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Vitamin B for Genetic Disorders, Ames Report, Saint John's Wort

May 2002 - Print | Index

Top nutritional researcher Bruce N. Ames at UC Berkeley is back with more evidence of the benefits of nutrients. (For an earlier article about Ames' work, see our March 2002 Newsletter, "UC Berkeley Scientist Teaches Rats the Macarena.") In the April 1 issue of The American Journal of Clinical Nutrition, Ames reported that more than 50 genetic disorders can be successfully treated with high doses of vitamins, in particular the B vitamins including thiamine (B-1), riboflavin (B-2), niacin (B-3), pyridoxine (B-6), cobalamin (B-12) and biotin. And he suggested that many more diseases might be treatable with mega-dose vitamins.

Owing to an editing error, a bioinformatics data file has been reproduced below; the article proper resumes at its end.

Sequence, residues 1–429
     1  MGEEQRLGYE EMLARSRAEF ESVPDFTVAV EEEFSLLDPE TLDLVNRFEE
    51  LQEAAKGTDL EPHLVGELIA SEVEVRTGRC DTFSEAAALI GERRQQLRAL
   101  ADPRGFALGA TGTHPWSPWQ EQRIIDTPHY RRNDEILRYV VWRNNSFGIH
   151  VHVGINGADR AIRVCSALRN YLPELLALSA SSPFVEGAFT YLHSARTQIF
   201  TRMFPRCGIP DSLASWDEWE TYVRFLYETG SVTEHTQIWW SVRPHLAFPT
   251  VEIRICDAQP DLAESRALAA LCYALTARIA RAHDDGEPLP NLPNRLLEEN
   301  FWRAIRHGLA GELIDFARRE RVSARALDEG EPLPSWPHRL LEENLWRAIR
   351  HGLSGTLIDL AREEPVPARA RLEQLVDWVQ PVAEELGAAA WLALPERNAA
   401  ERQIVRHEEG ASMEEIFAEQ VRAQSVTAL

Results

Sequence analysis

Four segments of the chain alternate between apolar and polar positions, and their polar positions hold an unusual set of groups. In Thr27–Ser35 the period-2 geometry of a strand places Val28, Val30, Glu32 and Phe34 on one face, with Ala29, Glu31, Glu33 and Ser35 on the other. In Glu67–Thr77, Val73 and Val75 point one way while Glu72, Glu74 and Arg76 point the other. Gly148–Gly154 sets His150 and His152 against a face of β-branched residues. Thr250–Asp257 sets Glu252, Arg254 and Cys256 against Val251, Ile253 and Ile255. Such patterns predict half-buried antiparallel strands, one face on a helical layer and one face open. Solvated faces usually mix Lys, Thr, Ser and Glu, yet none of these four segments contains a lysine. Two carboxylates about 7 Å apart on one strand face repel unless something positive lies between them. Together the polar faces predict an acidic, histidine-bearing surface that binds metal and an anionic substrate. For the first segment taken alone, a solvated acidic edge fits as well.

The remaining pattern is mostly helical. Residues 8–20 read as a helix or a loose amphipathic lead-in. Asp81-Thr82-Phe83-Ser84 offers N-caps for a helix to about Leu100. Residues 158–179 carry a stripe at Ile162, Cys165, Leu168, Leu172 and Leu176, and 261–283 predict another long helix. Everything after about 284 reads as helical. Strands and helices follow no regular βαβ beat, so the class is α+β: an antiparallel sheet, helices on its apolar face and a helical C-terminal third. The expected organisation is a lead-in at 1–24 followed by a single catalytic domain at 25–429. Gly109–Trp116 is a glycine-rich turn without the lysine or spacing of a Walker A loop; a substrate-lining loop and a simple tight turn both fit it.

This result is especially important for older people, Ames said, because the ageing process often involves genetic changes including oxidative damage to proteins and enzymes, similar to what happens in the diseases helped by vitamin therapies.

Vitamins are converted to coenzymes, which team up with enzymes to perform essential metabolic functions. These diseases result from a genetic mutation that reduces the ability of an enzyme to bind to its coenzyme, thereby reducing the rate at which the enzyme catalyses a molecular reaction. Ames reported that high-dose vitamin therapy is effective because increasing the intake of the appropriate vitamin increases coenzyme levels to overcome the binding defect.